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Decline on Downton Abbey: Why the Nobles and Gentry Went Broke

January 8, 2016

Spoiler Alert: This post reveals details of Downton Abbey, through Season 6, Episode 1.

On Downton Abbey, Earl Robert repeatedly faces financial trouble. Many of his fellow nobles and gentry find themselves in even more dire straits. They cope by selling off their birthright — castles, houses, treasures, and land — and living humbler lives. Why do these apparently rich people teeter on the edge of financial ruin?

For most of their history, Britain’s nobles and gentry lived off of the profits of farming. But by the early 20th Century, agricultural wealth had been dwarfed by the riches of industry. Farms still made money but proportionately much less, and they couldn’t easily support the upper class’ high cost of living or the tax burden of industrial society. And many nobles and gentry could not or would not supplement their income by working.

Industrial Society

Inveraray_Castle_-_south-west_facade

Earl Robert’s cousin “Shrimpie” is forced to sell his beautiful castle. (In the real world, this is Inveraray Castle, Scotland.)

Until the 19th Century, Britain was a paradise for landed wealth: for landowners who rented out farmland and did not work. The landed nobles and gentry played the dominant role in government, with a lock on the House of Lords and a consistent majority in the House of Commons. Plus, Britain was one of history’s least governed countries. The government didn’t do much, particularly in the countryside — so it didn’t tax much. Thanks to both factors, the nobles and gentry lived almost tax-free.

During the 19th Century, however, Britain became the world’s first industrial society. Power shifted away from the nobles and gentry throughout the century and beyond. In 1911, the House of Lords lost its veto over the lower house: its last key power. And by then, industrialists, workers, and the middle classes had seized substantial control over the House of Commons, thanks to the money they controlled and the expansion of voting rights. At the same time, governing and defending an industrial society had become extremely expensive, particularly once Britain began grappling with the debts of World War I. Taxes rose, and industry-focused Parliaments were happy to levy them on rich land-holders (among others). By the early 20th Century, the nobles and gentry paid crippling death duties and land taxes, as well as high income taxes.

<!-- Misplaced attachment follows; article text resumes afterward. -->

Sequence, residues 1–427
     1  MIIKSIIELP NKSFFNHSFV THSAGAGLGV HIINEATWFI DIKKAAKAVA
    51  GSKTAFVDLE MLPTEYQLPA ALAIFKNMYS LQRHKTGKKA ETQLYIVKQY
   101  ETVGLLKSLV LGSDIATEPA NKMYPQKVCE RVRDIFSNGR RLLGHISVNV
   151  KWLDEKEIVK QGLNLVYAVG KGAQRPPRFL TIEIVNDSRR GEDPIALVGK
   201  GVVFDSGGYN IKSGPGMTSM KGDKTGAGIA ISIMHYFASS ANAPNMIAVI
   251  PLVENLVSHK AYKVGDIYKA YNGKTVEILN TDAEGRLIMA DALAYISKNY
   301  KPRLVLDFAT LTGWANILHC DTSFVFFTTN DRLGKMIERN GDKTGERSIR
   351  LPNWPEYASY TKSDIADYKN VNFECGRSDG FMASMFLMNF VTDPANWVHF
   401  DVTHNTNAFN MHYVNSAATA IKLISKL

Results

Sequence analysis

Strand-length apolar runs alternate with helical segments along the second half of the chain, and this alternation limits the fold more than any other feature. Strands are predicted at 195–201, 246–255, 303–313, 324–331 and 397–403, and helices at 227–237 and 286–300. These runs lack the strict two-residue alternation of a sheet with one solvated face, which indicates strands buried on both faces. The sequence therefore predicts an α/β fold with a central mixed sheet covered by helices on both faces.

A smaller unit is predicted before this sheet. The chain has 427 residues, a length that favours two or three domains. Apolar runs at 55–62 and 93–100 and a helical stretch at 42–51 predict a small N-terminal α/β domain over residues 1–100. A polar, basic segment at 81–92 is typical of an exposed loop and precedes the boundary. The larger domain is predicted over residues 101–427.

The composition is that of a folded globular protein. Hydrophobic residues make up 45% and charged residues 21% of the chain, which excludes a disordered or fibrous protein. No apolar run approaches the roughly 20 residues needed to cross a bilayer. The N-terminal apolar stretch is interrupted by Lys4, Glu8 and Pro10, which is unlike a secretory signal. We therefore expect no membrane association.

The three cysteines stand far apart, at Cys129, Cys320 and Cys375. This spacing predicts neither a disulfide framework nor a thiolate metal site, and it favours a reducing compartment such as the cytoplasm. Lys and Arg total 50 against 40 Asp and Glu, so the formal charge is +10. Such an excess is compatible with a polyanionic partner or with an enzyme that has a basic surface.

Industry was far more profitable than agriculture. So the nobles and gentry faced wealthier competition for high status goods, just as their taxes were rising. In other words, the cost of fine living rose, while the relative value of farm rents fell. At the same time, industry and commerce created a competing market for labor, so the cost of servants and farm-workers rose. And World War I killed much of the workforce, from 1914 to 1918, driving labor costs even higher. So the nobles and gentry couldn’t afford the servants and other staff necessary to run their great houses and estates. That’s why fear of serving-staff reduction stalk Downton Abbey after the war.

For a nobleman with a title, one solution was to marry an industrialist’s daughter, often from America. The nobleman got a hefty dowry and the industrialist got a viscount or duke for a grandson. That’s how Earl Robert ends up married to Cora, the daughter of a Jewish American businessman. But even that wasn’t always enough because the nobles (and gentry) often did a bad job managing money, and even managing their own estates. Their culture taught few commercial skills. Earl Robert, for instance, only keeps his riches because his distant cousin Matthew Crawley applies his middle class skills to running the estate — and stumbles into yet another injection of inherited cash.

Many of the nobles and gentry weren’t so lucky.

Leisure Class

Trentham_Hall_from_Morriss_Seats_of_Noblemen_and_Gentlemen_(1880)

Trentham Hall in 1880. Its owner, the Duke of Sutherland, was forced to demolish it in 1912.

In Pride and Prejudice — set around 1800 — the sole indictment of Elizabeth’s Uncle Gardiner is that he’s “in trade.” Instead of living a life of leisure while farmers work his land and pay rents, Mr. Gardiner runs a business. Leisure was a mark of status in Britain (unlike in the U.S.), and a landed gentleman could not stoop to work — other than as an army officer or lightly employed clergyman, or in rare cases as an MP or statesman. Even by the 20th Century, the nobles and gentry couldn’t take jobs to supplement their income — at least, not without losing status.

In Episode 1 of Downton Season 6, Earl Robert’s neighbor is forced to sell his estate. Sir John says that, after the sale, he’ll barely have enough to get by. We’re not given any numbers, but I suspect most of us would consider whatever Sir John has left a hefty nest-egg. It’s just not enough to generate a comfortable lifestyle all by itself. You and I would get a job. But that would humiliate Sir John, and he probably has few marketable skills anyway.

Some nobles and gentry did adapt and became investors in industry, while others took the plunge and supplemented farm rents with jobs. But the 20th Century brought disaster for many others. They sold out and often ultimately joined the middle classes. And most of those who remained lived humbler lives, with smaller houses, less leisure, less purchasing power, less political power, and less status — as well as fewer servants, or none.

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Sources:

© 2016 by David W. Tollen. All rights reserved.

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